Dover Downs (NYSE:DDE) owns and operates the Dover Downs Hotel and Casino in Delaware. The casino consists of video lottery (slot machines), table games, and a sports book. Additionally, the 500-room hotel and conference center has a AAA four diamond rating, as well as several bars and restaurants. There is also a racetrack at the hotel, which hosts two NASCAR events annually that is owned by Dover Motorsports.
Trading at $2.50 as it is currently, DDE appears to be significantly undervalued based on my analysis. DDE is carrying $1.20/share in cash on its balance sheet, and estimates EPS for this year of $0.26 while paying a 3-cent quarterly dividend. The dividend appears safe for the time being, but there are some concerns regarding the future earnings for DDE. Some analysts predict that over the next three to five years the company's EPS could have growth around -25%, and the continued development of additional casinos in Maryland does not bode well for the long-term growth for the company.
I believe, however, that the company is significantly stronger than many of these analysts think. The continued hosting of two annual NASCAR events, while not providing any direct revenue, does bring a large number of people to the casino. In addition, the casino is in relatively close proximity to the Delaware beaches. In the summertime on the East Coast, the beaches of Delaware offer much needed relief from the heat and humidity that will continue to drive people this way. As the economy in this blue-collar town improves along with the economy across the U.S., families will have more disposable income that can be put toward recreation, and the casino will benefit from increases in spending. Having table games and a sports book will continue to add revenue to the top and bottom line for DDE, and I believe the business will become more profitable than it is now.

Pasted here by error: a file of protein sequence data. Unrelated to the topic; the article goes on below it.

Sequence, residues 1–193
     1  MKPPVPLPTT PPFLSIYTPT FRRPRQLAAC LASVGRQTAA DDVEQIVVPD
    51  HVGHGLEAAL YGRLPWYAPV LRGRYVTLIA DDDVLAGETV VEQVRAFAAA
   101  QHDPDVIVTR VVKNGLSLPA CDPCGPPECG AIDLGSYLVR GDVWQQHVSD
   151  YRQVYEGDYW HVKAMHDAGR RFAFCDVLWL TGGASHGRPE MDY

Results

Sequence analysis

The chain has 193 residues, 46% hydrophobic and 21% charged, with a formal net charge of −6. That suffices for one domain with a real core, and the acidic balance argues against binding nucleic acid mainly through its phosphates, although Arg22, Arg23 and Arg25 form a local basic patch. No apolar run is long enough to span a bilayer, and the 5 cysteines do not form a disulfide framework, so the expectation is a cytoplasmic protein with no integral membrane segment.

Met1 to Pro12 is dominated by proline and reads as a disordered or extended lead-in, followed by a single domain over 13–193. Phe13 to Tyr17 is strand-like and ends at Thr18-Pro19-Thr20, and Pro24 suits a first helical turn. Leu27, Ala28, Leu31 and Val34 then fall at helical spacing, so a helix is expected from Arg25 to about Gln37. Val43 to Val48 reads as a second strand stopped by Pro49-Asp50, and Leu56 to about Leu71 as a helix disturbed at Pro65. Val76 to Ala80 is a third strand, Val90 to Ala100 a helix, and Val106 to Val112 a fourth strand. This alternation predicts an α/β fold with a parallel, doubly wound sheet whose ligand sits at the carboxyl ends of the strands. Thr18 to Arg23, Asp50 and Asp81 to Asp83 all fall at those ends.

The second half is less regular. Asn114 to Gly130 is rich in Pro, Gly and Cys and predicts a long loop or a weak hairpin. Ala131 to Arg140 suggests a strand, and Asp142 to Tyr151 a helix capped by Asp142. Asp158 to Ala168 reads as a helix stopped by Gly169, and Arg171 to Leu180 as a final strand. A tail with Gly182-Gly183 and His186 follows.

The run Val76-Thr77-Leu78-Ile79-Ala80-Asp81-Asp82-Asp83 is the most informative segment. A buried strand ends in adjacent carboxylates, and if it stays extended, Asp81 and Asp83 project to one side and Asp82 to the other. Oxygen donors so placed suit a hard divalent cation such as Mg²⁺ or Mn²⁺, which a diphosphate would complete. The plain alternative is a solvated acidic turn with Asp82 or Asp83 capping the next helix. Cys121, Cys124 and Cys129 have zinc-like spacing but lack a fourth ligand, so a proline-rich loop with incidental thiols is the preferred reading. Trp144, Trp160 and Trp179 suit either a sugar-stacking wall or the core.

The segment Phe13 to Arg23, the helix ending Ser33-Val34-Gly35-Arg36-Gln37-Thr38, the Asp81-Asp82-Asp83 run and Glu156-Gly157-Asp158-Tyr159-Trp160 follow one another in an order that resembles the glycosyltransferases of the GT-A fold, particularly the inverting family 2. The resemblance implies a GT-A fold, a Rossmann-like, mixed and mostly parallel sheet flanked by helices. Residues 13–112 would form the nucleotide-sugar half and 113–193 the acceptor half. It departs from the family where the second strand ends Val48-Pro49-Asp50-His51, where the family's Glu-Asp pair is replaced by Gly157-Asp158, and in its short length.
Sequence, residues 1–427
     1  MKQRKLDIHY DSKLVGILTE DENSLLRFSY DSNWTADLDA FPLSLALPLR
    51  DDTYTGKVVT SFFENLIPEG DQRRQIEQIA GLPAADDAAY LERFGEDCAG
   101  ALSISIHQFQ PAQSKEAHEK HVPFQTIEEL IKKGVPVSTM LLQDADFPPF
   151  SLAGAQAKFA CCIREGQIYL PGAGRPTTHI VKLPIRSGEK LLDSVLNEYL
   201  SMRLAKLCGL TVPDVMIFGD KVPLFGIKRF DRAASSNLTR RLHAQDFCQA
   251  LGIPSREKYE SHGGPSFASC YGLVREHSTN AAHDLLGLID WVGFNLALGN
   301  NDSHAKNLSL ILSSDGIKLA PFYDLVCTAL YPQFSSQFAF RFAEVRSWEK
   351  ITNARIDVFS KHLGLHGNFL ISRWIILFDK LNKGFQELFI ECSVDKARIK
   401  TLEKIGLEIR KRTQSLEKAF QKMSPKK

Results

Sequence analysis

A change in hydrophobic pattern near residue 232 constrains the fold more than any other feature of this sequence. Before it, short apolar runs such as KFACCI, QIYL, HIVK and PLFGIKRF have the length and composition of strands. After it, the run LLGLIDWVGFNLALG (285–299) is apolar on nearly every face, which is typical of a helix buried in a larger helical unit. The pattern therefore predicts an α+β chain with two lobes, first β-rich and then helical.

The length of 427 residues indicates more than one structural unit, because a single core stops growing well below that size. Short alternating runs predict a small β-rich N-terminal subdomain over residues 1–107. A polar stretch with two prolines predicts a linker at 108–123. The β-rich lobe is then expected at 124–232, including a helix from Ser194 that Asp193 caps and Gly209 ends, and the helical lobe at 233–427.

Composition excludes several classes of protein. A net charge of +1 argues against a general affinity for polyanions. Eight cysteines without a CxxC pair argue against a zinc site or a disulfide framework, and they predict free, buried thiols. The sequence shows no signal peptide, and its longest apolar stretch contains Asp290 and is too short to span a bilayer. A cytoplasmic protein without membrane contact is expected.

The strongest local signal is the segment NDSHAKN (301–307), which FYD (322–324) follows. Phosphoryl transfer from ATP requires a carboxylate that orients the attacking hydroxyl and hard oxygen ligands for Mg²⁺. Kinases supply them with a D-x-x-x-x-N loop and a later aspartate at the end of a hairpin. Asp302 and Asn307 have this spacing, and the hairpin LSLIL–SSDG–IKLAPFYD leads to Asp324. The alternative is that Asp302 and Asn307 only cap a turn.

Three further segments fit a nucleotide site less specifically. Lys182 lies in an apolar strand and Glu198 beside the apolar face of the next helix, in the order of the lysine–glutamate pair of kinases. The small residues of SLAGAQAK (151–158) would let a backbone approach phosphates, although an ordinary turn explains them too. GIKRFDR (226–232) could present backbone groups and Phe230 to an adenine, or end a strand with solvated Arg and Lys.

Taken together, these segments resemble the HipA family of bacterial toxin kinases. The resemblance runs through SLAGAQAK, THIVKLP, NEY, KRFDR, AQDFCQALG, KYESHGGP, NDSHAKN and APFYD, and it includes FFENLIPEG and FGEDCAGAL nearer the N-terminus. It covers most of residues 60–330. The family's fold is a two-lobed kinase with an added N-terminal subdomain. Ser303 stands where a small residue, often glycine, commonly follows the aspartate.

Investing in DDE is not without risk, however. A number of casinos have been opened within short drives of DDE, and in Maryland there is talk of opening more. The popularity of NASCAR has waned, and the crowds drawn to these events have shrunk over the past few years. Smaller crowds at the casino inevitably lead to less income for the casino owner and less revenue. Couple this with a state economy that is struggling to grow and produce new jobs, and you could see hard times ahead. However, with $1.20 per share in cash and 4.7% dividend yield, I believe that DDE is significantly undervalued, presents an opportunity for gains, and, valued at ~$81 million, may become a buyout candidate for a larger casino operator looking to expand its footprint on the East Coast.